Code bloat

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Code bloat is the production of code that is perceived as unnecessarily long, slow, or otherwise wasteful of resources. Code bloat can be caused by inadequacies in the language in which the code is written, inadequacies in the compiler used to compile the code, or by a programmer. Therefore, code bloat generally refers to source code size (as produced by the programmer) but sometimes is used to refer instead to the generated code size or even the binary file size.



Often bloated code can result from a programmer who simply uses more lines of code than the optimal solution to a problem.

Some examples of programmer derived code bloat are:

  • overuse of object oriented (OOP) constructs -- such as classes and inheritance can lead to messy and confusing designs, often taking many more lines of code than an optimal solution.
  • incorrect usage of design patterns -- OOP developers will often attempt to "force" design patterns as solutions to problems that do not need them
  • overuse of OOP methods/functions/procedures -- breaking an algorithm up into many methods is a way to allow developers to reuse these methods to solve other problems. However this often adds code bloat and makes the code difficult, if not impossible, to read and debug and reduces algorithmic efficiency.
  • declarative programming -- implementing a declarative programming style in an imperative or OOP language often leads to code bloat.
  • excessive loop unrolling -- without justification through improved performance
  • excessive use of multiple conditional If statements -- instead of, for instance, using a lookup table

Some naïve implementations of the template system employed in C++ are examples of inadequacies in the compiler used to compile the language.

A naïve compiler implementing this feature can introduce versions of a templated function for every type it is used with. This in turns leads to compiled functions that may never be used, thus resulting in code bloat. More sophisticated compilers and linkers detect the superfluous copies and discard them, reducing the bloat. Thus template code can result in smaller binaries because a compiler is allowed to discard dead code.[1]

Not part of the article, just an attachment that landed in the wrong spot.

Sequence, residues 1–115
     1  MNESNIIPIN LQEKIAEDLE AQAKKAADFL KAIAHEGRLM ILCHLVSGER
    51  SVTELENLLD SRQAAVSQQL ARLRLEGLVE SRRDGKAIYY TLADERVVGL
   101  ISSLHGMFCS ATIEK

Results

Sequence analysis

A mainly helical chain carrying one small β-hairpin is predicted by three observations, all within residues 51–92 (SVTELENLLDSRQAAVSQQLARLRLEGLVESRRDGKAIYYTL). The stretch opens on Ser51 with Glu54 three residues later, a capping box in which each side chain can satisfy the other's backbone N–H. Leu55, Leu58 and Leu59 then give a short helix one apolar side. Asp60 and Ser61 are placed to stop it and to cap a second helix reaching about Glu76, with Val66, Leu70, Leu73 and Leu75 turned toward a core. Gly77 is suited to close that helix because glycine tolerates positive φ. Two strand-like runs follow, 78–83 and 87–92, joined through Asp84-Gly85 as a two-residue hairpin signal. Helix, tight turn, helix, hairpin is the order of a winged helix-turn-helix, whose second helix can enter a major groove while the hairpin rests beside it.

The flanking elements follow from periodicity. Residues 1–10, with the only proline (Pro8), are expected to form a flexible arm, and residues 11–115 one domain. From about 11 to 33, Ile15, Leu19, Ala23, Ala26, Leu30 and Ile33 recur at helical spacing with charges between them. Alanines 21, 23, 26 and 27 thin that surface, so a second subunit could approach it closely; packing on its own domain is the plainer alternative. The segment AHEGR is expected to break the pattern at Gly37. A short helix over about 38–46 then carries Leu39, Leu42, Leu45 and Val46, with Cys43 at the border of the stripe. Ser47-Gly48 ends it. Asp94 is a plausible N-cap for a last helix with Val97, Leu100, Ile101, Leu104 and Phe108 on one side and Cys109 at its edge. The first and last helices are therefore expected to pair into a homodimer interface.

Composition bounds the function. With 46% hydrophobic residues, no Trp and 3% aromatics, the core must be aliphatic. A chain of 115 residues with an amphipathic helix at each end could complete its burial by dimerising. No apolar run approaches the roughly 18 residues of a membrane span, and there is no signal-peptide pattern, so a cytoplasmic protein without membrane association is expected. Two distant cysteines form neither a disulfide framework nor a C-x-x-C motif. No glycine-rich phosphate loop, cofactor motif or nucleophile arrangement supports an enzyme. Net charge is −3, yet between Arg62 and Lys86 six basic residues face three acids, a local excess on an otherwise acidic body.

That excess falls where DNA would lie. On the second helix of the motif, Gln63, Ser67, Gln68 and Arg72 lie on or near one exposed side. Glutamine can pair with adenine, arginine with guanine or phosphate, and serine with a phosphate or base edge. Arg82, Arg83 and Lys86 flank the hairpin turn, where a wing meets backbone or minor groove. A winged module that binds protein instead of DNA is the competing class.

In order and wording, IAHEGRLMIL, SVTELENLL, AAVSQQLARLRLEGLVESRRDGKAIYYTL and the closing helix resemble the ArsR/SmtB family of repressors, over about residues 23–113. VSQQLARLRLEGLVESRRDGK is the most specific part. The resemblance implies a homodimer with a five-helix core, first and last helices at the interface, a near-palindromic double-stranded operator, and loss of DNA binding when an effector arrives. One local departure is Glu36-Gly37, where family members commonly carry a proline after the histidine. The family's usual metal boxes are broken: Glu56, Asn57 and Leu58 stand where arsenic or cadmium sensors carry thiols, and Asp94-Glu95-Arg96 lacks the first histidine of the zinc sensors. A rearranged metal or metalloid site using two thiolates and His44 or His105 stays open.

Some examples of native compiler derived bloat include:

  • dead code -- code which is executed but whose result is never used.
  • redundant calculations -- re-evaluating expressions that have already been calculated once. Such redundant calculations are often generated when implementing "bounds checking" code to prevent buffer overflow. Sophisticated compilers calculate such things exactly once, eliminating the following redundant calculations, using common subexpression elimination and loop-invariant code motion.

Code density of different languages

The difference in code density between various computer languages is so great that often less memory is needed to hold both a program written in a "compact" language (such as a domain-specific programming language, Microsoft P-Code, or threaded code), plus an interpreter for that compact language (written in native code), than to hold that program written directly in native code.

Performance implications

In many cases, when two programs implement the same functionality, the larger program will also run slower than the smaller program. There are a however a few cases where there is a space-time tradeoff -- in these cases, a larger program can run faster than a smaller one.

Reducing bloat

Some techniques for reducing code bloat include[2]:

  • refactoring commonly-used code sequence into a subroutine, and calling that subroutine from several locations, rather than copy and pasting the code at each of those locations,
  • re-using subroutines that have already been written (perhaps with additional parameters) , rather than re-writing them again from scratch as a new routine.

See also


  1. hopl-may.dvi
  2. "Code bloat". DocForge. Retrieved 30 December 2009. 
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